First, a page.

Growing up in a small town in Southern Illinois, Lisa Koonce never thought she would attend college, let alone become a professor. She assumed she would be a secretary. “It’s surprising to me still, at this point in my life, that I’m actually a university professor,” Koonce says. “People from my town didn’t do that sort of thing.” Today, Koonce is the Deloitte and Touche Chair in Accounting at UT, where she has taught for 22 years and she’s earned a number of awards, including The University of Texas System Regents’ Teaching Award.
How Investors Make Decisions
Texas Enterprise | Big Ideas in Business online
Koonce examines how investors use accounting information, especially when that use is outside of normal expectations. Her expertise, behavioral accounting, is part of an emerging research discipline that combines psychology with economics.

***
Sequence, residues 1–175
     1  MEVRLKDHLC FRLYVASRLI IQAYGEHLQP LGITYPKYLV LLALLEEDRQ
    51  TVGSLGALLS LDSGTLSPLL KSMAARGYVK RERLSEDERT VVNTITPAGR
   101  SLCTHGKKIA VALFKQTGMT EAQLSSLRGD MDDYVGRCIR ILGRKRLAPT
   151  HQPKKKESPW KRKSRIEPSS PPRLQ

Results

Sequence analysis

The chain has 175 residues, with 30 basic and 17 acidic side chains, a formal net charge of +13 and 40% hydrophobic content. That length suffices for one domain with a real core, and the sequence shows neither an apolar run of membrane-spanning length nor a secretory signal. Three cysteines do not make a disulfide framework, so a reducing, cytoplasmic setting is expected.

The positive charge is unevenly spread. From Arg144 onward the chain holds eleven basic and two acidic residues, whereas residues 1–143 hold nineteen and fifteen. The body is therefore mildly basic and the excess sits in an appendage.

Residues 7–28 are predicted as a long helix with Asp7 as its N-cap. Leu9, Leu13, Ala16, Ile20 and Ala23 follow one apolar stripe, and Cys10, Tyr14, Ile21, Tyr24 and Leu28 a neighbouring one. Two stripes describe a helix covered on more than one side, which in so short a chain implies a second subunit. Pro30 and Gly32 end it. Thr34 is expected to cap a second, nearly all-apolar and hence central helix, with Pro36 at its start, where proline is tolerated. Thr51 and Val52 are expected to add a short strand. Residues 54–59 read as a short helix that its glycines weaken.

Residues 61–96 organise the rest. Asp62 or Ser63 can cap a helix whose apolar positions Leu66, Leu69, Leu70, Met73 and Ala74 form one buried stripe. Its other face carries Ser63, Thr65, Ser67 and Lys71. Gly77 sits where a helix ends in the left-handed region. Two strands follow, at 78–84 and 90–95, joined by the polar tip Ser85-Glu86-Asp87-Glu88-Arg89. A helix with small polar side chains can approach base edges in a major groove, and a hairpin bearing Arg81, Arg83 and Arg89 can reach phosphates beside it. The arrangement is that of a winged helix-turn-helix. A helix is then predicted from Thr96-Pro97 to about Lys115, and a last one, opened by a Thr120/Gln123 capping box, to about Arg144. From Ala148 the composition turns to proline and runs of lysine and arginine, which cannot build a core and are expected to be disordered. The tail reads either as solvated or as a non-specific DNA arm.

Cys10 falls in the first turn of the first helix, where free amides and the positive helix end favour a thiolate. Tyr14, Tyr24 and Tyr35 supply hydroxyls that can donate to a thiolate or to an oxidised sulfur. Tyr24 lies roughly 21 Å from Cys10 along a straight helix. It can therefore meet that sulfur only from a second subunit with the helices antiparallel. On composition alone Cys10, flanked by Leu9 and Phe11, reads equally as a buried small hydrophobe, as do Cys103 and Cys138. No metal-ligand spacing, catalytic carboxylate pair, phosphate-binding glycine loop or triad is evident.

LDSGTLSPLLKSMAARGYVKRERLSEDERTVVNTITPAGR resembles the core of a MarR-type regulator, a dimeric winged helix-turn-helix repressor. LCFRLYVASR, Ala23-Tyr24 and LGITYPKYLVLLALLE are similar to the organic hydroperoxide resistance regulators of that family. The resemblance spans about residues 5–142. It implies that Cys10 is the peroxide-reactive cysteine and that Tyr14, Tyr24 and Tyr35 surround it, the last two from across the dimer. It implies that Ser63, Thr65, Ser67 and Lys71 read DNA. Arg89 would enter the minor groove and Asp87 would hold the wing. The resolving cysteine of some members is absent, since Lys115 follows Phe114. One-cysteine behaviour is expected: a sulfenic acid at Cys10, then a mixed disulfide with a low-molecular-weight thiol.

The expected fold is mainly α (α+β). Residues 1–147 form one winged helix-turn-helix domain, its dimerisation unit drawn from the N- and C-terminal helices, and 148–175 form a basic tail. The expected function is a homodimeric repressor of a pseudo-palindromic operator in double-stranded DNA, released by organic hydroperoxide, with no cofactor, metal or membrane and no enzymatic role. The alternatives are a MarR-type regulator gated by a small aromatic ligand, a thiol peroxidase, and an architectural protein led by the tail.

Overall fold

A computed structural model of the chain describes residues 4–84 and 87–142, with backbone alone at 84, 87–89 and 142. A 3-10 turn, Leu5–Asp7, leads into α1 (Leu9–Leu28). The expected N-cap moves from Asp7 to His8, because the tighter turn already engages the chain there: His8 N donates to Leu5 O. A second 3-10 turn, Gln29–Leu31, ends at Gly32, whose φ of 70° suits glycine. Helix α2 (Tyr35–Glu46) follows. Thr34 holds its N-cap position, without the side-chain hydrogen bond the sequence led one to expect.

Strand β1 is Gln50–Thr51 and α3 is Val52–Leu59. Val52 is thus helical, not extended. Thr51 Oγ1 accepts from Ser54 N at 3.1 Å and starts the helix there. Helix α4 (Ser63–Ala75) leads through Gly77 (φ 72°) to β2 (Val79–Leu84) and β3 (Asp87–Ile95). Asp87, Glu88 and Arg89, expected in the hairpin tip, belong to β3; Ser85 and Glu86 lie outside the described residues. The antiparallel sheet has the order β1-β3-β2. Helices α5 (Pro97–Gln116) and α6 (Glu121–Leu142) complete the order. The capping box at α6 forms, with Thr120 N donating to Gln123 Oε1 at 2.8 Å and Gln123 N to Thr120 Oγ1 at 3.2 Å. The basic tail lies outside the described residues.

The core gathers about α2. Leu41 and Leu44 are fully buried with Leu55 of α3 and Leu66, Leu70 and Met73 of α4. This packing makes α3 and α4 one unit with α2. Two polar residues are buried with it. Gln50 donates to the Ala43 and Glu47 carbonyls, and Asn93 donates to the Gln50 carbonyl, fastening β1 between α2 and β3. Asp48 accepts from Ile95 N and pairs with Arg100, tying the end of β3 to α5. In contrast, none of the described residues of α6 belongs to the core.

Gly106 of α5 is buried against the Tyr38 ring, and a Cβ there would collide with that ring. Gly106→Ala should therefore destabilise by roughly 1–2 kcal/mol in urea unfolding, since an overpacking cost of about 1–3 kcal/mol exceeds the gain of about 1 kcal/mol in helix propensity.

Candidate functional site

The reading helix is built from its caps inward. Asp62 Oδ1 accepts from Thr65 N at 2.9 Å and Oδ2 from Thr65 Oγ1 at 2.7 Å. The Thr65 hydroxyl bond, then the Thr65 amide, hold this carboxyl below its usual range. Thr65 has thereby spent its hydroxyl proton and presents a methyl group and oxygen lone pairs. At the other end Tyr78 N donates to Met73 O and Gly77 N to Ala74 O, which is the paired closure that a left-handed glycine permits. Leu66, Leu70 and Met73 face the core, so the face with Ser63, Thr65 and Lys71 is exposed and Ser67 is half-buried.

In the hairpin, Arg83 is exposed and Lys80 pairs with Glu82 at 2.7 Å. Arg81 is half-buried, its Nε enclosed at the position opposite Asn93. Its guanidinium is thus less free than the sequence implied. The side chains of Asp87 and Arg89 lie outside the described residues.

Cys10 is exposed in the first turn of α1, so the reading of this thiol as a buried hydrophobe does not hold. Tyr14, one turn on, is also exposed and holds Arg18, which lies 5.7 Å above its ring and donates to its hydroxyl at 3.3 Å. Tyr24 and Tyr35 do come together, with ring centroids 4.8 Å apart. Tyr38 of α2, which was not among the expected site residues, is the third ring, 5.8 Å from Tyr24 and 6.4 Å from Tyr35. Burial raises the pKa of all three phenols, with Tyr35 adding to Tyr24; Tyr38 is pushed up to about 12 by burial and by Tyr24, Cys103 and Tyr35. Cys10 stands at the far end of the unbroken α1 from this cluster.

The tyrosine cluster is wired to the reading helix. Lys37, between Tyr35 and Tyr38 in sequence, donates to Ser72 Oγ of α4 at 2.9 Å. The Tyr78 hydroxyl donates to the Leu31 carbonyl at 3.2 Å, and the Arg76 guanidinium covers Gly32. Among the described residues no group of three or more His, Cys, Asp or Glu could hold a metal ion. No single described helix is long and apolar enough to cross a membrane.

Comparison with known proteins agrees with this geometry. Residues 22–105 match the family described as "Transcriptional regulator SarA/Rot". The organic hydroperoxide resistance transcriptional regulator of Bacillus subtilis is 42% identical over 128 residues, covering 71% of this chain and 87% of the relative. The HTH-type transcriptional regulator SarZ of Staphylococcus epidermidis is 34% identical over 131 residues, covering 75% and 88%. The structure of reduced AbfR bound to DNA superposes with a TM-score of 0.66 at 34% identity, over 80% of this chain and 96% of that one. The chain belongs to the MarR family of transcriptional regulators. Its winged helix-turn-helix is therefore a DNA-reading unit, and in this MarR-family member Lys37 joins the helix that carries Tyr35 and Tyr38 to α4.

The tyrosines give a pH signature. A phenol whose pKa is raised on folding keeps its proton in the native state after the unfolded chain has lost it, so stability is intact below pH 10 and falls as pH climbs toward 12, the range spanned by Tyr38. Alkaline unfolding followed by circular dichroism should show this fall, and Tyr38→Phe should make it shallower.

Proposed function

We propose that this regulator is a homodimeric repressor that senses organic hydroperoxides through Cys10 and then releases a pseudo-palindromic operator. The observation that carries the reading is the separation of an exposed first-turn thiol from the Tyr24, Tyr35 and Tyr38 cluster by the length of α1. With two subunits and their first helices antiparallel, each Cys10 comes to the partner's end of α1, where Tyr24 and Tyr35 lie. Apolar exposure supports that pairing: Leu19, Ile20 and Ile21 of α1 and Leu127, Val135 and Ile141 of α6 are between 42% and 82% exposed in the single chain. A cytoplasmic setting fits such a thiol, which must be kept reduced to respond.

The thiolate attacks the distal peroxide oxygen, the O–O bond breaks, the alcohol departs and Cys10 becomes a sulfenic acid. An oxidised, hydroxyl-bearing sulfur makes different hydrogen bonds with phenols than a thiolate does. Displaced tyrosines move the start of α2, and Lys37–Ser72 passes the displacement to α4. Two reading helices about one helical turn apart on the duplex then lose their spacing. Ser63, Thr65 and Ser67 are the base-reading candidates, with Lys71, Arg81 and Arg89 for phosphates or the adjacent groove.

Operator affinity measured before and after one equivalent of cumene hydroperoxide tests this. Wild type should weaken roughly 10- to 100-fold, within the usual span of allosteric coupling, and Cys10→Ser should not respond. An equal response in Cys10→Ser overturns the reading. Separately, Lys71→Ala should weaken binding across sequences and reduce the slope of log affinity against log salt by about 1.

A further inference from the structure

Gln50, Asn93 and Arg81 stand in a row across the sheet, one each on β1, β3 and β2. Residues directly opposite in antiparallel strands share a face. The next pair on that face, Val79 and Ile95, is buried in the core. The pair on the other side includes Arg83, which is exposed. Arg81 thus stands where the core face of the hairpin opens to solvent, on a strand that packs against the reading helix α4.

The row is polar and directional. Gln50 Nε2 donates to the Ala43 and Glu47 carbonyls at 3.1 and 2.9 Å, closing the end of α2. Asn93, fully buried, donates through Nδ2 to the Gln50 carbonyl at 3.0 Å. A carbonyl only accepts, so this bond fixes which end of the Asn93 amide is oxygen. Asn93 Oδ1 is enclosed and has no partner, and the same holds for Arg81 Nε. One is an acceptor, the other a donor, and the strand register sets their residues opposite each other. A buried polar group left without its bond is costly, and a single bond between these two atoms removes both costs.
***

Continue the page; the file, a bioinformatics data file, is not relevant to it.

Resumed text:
Fair-value Accounting: A Better Reflection of Reality
McCombs Today online
Koonce argues that fair-value accounting practices did not exacerbate the financial crisis (2007-09) as some critics have contended.
Professor Lisa Koonce: Teacher, Mentor, Guide
McCombs Today online
This article shows Koonce as an excellent teacher and powerhouse researcher, as is reflected in her colleagues' and students' quotes and in her many awards over 19 years.
Listing of top scholarly works by Lisa Koonce.
The provision of examples as implementation guidance is pervasive in accounting standards. Prior research has established that preparers engage in “example‐based reasoning,” a tendency to favor the accounting treatment in an example, even when the example does not exactly match the transaction at hand. In this paper, we investigate whether fact‐weighting guidance counteracts this tendency.
In this paper, we experimentally test whether the features of hybrid instruments affect the credit‐related judgments of experienced finance professionals, even when the hybrid instruments are already classified as liabilities or equity. Our results suggest that getting the classification right is not of primary importance for these experienced users, as they largely rely on the underlying features of the instrument to make their judgments.